December 1968 saw the launch of Apollo 8, the first manned space mission to orbit the moon, from NASA’s massive launch facility on Merritt Island, near Cape Canaveral, Florida. On July 16, 1969, U.S. astronauts Neil Armstrong, Edwin “Buzz” Aldrin and Michael Collins set off on the Apollo 11 space mission, the first lunar landing attempt. After landing successfully on July 20, Armstrong became the first man to walk on the moon’s surface; he famously called the moment “one small step for man, one giant leap for mankind”.
Who Won the Space Race?
By landing on the moon, the United States effectively “won” the space race that had begun with Sputnik’s launch in 1957. For their part, the Soviets made four failed attempts to launch a lunar landing craft between 1969 and 1972, including a spectacular launch-pad explosion in July 1969.
From beginning to end, the American public’s attention was captivated by the space race, and the various developments by the Soviet and U.S. space programs were heavily covered in the national media. This frenzy of interest was further encouraged by the new medium of television. Astronauts came to be seen as the ultimate American heroes, and earth-bound men and women seemed to enjoy living vicariously through them.
Soviets, in turn, were pictured as the ultimate villains, with their massive, relentless efforts to surpass America and prove the power of the communist system.
History Channel / Wikipedia / U.S. ARMY Aviation and Missile Life Cycle Management Command / NASA Origins - NASA.gov /
National Archives / Smithsonian National Air and Space Museum.edu / Encyclopedia Britannica /
President Eisenhower approves the transfer of all U.S. Army space-related activities to NASA on October 21, 1959 (YouTube)
This Day in History October 21
• 1097 Siege of Antioch: Crusaders led by Godfrey of Bouillon, Bohemund of Taranto, and Raymond IV, Count of Toulouse, begin the Siege of Antioch.
• 1512 Martin Luther joins the theological faculty of the University of Wittenberg.
• 1520 Ferdinand Magellan discovers a strait now known as the Strait of Magellan.
• 1520 João Álvares Fagundes discovers the islands of Saint Pierre and Miquelon, bestowing them their original name of “Islands of the 11,000 Virgins”.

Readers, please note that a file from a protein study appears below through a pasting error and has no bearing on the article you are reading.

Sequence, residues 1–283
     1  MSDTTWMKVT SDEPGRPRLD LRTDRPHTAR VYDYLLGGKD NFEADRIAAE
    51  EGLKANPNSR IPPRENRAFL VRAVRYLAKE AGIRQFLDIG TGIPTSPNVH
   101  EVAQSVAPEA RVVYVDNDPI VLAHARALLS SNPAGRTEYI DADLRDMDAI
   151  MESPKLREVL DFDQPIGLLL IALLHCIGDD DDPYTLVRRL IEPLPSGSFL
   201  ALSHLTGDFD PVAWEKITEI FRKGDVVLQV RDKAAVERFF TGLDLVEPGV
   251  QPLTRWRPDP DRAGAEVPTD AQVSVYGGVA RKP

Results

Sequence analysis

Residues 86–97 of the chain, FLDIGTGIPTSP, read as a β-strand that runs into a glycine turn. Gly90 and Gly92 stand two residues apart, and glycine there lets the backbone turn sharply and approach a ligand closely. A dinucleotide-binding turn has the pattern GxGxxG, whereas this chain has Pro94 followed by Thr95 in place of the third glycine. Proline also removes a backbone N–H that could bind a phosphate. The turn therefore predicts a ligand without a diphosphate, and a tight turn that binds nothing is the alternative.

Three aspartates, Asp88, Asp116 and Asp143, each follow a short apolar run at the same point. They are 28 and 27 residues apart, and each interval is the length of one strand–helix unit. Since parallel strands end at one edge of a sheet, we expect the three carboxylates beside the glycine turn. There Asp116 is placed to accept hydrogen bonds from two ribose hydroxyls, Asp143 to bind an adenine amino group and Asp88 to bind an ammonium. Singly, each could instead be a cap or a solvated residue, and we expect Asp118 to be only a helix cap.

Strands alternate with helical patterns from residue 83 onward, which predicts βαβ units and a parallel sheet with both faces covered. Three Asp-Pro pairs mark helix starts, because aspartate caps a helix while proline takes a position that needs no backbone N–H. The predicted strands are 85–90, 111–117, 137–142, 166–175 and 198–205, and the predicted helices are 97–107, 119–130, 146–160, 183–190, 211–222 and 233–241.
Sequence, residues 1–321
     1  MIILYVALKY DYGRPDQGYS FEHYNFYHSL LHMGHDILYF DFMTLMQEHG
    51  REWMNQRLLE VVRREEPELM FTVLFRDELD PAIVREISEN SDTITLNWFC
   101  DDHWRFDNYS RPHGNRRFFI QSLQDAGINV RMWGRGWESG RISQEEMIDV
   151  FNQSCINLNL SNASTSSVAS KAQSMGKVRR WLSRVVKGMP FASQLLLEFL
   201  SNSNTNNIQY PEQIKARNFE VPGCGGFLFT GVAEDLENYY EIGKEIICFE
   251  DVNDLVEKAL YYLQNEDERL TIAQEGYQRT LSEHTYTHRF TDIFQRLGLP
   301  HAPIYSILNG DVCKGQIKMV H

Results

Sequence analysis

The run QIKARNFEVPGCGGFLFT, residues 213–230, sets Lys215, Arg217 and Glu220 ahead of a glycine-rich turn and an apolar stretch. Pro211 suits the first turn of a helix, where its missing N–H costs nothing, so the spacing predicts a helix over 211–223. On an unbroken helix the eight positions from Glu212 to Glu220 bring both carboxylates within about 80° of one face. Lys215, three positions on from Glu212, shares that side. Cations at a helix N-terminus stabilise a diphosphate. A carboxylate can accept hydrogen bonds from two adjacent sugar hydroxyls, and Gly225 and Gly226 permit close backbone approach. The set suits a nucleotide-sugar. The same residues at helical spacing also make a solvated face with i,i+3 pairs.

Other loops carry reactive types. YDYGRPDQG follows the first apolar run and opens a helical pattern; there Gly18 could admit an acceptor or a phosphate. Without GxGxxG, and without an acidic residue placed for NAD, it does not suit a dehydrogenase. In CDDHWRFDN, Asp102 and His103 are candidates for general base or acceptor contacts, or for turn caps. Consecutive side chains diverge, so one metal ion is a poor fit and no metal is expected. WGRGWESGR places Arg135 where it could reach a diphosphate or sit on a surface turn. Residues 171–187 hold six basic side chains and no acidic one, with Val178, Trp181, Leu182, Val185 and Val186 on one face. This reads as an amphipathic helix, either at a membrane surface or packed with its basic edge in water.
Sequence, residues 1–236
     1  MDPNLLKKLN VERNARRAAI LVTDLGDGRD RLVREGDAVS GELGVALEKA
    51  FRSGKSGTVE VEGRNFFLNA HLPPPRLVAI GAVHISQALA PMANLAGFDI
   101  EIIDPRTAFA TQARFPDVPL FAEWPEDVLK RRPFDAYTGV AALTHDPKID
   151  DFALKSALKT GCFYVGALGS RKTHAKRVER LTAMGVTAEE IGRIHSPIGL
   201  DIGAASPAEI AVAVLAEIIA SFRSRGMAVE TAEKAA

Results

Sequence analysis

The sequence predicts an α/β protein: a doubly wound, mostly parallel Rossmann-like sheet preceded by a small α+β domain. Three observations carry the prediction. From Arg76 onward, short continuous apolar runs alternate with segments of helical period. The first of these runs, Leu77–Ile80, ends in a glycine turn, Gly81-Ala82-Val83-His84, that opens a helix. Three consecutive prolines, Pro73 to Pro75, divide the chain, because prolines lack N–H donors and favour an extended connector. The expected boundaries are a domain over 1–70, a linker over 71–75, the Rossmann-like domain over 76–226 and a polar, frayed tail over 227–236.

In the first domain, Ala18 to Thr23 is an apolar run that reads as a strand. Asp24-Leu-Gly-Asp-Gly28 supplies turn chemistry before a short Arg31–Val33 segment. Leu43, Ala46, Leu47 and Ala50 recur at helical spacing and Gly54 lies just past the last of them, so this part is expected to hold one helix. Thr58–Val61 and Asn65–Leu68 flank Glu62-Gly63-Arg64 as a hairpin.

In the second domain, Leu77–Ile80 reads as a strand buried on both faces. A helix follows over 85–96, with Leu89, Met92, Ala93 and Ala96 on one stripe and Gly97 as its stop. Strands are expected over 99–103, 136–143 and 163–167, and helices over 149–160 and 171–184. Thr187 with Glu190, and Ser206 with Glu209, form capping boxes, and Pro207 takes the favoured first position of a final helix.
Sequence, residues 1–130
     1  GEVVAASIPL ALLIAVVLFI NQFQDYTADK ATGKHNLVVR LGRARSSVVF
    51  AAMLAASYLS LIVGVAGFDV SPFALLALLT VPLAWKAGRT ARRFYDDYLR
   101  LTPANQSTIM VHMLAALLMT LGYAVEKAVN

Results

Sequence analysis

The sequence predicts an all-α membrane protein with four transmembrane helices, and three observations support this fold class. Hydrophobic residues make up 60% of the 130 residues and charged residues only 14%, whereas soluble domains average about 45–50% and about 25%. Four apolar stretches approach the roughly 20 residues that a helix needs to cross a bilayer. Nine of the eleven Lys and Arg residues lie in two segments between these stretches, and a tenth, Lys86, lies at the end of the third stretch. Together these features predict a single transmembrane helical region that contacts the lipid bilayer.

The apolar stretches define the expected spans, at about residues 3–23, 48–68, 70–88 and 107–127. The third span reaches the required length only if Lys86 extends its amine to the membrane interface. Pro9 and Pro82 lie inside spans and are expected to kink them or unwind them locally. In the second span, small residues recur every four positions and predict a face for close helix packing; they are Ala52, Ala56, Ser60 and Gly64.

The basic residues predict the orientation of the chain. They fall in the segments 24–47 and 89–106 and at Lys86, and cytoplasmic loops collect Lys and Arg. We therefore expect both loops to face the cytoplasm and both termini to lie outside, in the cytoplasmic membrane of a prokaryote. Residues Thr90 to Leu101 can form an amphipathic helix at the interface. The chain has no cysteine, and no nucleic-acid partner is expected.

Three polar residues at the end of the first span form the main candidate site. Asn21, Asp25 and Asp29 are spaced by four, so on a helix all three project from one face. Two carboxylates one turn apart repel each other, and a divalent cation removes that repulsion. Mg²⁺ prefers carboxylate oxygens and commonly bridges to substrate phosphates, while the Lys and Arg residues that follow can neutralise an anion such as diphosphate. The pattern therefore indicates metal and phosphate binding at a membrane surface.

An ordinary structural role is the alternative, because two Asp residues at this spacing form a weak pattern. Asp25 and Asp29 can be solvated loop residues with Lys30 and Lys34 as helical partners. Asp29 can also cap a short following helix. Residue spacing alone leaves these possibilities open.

• 1797 In Boston Harbor, the 44-gun United States Navy frigate USS Constitution is launched.
• 1805 Napoleonic Wars: Battle of Trafalgar: A British fleet led by Lord Nelson defeats a combined French and Spanish fleet under Admiral Villeneuve.
• 1824 Portland cement is patented.
• 1854 Florence Nightingale and a staff of 38 nurses are sent to the Crimean War.
• 1879 Thomas Edisonapplies for a patent for his design for an incandescent light bulb.
• 1944 World War II: Battle of Leyte Gulf: The first kamikaze attack begins.
• 1944 World War II: Nemmersdorf massacre against the German civilians takes place.
• 1944 World War II: Battle of Aachen: The city of Aachen falls to American forces after three weeks of fighting, making it the first German city to fall to the Allies.
• 1950 Korean War: Battle of Yongju.
Understanding Military Terminology
Performance Work Statement
(DOD) A statement of work for performance based acquisitions that describe the results in clear, specific, and objective terms with measurable outcomes.
Also called PWS.
Joint Publications (JP 4-10) Operational Contract Support
Application of military force, or the threat of its use, normally pursuant to international authorization, to compel compliance with resolutions or sanctions designed to maintain or restore peace and order.
See also Peace Building; Peacekeeping; Peacemaking; Peace Operations.
Joint Publications (JP 3-07.3) Peace Operations
The Old Salt’s Corner
Then Mercury of Cyllene summoned the ghosts of the suitors, and in his hand he held the fair golden wand with which he seals men's eyes in sleep or wakes them just as he pleases; with this he roused the ghosts and led them, while they followed whining and gibbering behind him. As bats fly squealing in the hollow of some great cave, when one of them has fallen out of the cluster in which they hang, even so did the ghosts whine and squeal as Mercury the healer of sorrow led them down into the dark abode of death. When they had passed the waters of Oceanus and the rock Leucas, they came to the gates of the sun and the land of dreams, whereon they reached the meadow of asphodel where dwell the souls and shadows of them that can labour no more.